It has been the general consensus that asset-backed commercial paper (ABCP) has left its impact on the first half of 2000, with more good times ahead, as an increase in securities arbitrage programs and ABCP volume is expected going forward, market sources say.

According to a recent report by Fitch, Asset-Backed Commercial Paper: Trends and Advances, the total volume of ABCP exceeded $570 billion for the first half despite the much anticipated Y2K complications that never surfaced.

However, some players in the market seem to express mixed reviews on whether or not commercial paper will continue to experience the growth rate that it has seen recently.

"I think the pace of growth will still continue in a positive direction, but the pace won't be as great compared to the same time last year," said Deborah Seife, an analyst at Fitch.

The reasoning for this hypothesis, Seife said, is that many of the larger banks that are major players in the sector and that normally establish new conduits have already done so in the first half of the year.

"We're seeing fewer new entrants into the market to boost up outstandings but we are seeing an increase in the outstandings of existing programs," she explained. "It's not increasing at the same rate. We're still getting new players, just not at the same rate. If you look at the outstandings every month, it's always increasing...just at a slower rate."

"I would anticipate that there will continue to be some new conduits established," said Thomas Fritz, a managing director at Standard & Poor's Ratings Service, on the issue of whether or not new ABCP programs will be established. "They may not necessarily be straight multi-seller conduits. They may be combination programs that are multi-seller arbitrages that are trying to do everything. To the extent that banks or the sponsors need to have a different name for their internal lending units, they are going to create conduits to satisfy those needs."

Sam Pilcer, a managing director at Moody's Investors Service, also felt that a change would not be seen in ABCP activity going forward.

"The numbers don't seem to be going down at all, they seem to be going up," he said. "More people are starting up programs and there is much more going on in the securities arbitrage world."

The first half of the year also brought new innovations, such as the widely and highly touted Citibank North America Eureka Securitisation Plc ABCP program, that was established with the idea of creating less than 100% third-party liquidity.

Both Seife and Pilcer were in agreement on the issue of whether or not more innovations would be seen regarding ABCP conduits.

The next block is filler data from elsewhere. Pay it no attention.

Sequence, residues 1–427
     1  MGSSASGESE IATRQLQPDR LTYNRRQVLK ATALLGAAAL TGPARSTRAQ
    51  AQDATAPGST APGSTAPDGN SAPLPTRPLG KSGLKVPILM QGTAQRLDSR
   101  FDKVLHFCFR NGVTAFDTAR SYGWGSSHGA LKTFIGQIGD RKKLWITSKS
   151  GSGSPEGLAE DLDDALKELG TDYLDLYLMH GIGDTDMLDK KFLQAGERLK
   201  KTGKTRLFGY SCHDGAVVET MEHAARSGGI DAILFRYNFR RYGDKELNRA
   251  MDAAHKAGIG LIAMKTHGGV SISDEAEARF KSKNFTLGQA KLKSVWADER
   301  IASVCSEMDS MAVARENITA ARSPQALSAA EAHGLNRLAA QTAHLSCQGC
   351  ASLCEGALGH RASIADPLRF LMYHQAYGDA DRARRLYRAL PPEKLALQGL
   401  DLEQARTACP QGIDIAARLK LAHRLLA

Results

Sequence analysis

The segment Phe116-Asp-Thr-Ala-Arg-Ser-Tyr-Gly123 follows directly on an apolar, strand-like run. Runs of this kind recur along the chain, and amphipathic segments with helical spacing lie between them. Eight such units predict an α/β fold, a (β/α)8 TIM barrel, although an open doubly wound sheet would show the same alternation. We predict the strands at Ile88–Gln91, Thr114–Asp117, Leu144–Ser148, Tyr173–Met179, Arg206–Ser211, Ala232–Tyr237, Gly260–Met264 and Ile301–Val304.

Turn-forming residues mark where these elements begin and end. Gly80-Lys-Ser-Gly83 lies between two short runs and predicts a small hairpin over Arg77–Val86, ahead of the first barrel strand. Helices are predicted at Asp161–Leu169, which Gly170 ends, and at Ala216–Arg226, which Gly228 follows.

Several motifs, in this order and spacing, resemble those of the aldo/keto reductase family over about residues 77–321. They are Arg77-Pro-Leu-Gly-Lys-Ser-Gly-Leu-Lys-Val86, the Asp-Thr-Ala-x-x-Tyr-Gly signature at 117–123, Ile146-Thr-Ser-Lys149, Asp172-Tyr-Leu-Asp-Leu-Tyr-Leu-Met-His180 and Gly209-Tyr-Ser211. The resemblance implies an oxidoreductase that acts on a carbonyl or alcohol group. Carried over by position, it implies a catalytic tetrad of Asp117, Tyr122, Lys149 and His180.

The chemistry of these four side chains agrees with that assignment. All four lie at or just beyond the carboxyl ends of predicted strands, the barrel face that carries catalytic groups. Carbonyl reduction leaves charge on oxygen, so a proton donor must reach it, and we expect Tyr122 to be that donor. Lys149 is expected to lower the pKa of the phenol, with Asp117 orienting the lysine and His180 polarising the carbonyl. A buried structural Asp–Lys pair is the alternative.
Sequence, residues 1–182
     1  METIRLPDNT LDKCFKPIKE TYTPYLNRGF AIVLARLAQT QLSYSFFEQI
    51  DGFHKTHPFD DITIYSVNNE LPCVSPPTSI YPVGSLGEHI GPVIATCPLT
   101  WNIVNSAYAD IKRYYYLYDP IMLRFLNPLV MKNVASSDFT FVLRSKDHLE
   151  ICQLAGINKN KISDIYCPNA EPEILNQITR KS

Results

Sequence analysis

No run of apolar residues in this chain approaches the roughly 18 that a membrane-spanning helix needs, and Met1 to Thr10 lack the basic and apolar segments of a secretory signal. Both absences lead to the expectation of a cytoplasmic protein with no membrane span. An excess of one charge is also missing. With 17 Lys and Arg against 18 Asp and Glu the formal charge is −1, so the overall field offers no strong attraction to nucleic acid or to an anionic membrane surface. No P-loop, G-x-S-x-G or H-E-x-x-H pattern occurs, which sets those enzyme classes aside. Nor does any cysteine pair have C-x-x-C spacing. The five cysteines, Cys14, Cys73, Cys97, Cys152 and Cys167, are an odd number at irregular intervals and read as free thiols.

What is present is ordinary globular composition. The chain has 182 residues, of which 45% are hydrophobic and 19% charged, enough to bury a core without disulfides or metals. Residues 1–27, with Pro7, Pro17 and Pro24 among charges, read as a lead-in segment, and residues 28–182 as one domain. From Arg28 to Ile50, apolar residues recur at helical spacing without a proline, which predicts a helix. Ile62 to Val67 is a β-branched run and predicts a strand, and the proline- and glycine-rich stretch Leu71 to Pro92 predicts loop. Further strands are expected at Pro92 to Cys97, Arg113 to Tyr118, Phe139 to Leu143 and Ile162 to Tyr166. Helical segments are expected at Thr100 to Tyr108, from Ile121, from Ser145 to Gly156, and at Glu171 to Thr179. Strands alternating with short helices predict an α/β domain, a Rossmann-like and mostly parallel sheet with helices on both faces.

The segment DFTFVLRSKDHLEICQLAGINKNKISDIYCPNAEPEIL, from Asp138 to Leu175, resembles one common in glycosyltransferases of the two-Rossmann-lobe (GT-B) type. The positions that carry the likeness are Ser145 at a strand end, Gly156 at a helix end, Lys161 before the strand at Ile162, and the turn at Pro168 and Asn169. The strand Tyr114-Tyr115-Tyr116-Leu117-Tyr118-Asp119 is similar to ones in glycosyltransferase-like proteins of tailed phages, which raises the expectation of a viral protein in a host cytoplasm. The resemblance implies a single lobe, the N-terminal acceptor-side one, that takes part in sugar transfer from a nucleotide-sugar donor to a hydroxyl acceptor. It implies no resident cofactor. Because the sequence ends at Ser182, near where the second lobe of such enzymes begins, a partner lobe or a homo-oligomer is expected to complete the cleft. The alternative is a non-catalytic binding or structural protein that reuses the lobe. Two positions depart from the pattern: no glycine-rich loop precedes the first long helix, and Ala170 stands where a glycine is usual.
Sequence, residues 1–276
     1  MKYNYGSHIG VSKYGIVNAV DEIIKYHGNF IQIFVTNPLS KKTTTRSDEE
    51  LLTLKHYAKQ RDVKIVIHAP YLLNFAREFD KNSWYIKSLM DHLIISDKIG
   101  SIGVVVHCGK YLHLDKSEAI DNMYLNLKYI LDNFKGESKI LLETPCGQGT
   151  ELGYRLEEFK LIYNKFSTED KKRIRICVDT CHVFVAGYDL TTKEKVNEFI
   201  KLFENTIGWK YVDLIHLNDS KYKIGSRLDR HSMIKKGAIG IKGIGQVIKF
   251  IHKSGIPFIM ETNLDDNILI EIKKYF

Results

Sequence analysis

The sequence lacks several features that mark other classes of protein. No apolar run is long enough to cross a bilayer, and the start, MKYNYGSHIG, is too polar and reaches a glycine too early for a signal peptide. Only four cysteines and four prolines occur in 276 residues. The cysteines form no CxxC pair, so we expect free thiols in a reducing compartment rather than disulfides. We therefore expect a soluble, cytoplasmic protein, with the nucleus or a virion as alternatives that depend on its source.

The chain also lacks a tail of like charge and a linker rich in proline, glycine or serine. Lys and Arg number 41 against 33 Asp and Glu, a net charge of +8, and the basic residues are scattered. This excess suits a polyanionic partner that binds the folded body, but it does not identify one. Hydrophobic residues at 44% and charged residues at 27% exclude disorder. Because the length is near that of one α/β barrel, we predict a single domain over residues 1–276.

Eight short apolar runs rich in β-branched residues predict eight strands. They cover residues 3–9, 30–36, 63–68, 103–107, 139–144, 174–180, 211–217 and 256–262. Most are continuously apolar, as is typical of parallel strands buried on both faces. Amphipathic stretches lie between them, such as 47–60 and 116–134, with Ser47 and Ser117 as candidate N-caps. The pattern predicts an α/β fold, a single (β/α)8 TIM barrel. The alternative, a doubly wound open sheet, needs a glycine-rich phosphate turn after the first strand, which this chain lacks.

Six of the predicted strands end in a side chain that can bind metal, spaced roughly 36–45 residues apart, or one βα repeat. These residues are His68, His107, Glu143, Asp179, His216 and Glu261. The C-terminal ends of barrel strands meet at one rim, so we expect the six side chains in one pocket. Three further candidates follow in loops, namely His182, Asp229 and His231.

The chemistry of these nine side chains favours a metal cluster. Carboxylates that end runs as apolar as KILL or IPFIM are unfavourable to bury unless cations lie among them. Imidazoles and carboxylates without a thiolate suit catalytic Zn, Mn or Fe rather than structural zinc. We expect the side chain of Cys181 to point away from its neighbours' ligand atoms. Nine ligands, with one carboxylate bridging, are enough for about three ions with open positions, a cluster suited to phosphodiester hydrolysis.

"We're certainly fielding inquiries so it will be interesting to see how many of them actually get done," Seife said. "I think there will be a handful of conduit sponsors who will pursue innovative structures like Eureka did. At this point it's not really an option for every player. There are so many factors that bear on who might be appropriate for those kinds of innovations."

Pilcer feels that more innovative conduits may be developed in the future but that the market won't see any sight of them before year-end.

"We're working on situations like that, I just don't think that they will get done by the end of the year," he said.

More recently, Citibank proposed a reduction in required third-party liquidity support to a dynamic amount that takes into account the liquidity gap, CP and medium-term note maturities, and certain portfolio characteristics - creating the bigger issue of whether or not other conduits will follow the example created by Eureka.

"The changes to Eureka were for a particular set of circumstances to Eureka," Fritz explained. "I think it opened the door such that we're going to see more proposals - we already have proposals in house - for less than 100% liquidity. Now whether those actually reach fruition or not, I couldn't say. But it has certainly spurred the imaginations and interests of the bankers."

Another hot topic in the ABCP market these days is the development of conduit-sponsored Web sites. The web sites will provide investors with more timely performance and portfolio data, including portfolio characteristics, counterparty rating updates, and compliance with relevant triggers, convenants, and stop-issuance event scenarios, as well as the Securities Exchange Commission (SEC) Rule 2a7 compliance. This will allow administrators to make information about their ABCP conduits more readily available.

To date, there are several Websites that have been established by companies such as J.P. Morgan and The Liberty Hampshire Co.

"A number of players are working on it," said Seife. "Investors certainly feel that the more information available to them the better. There are certainly issues about data integrity and the ability to keep it current. Any of the issues that relate to maintaining a Website are also relevant here. Generally, the investors are receiving it positively."

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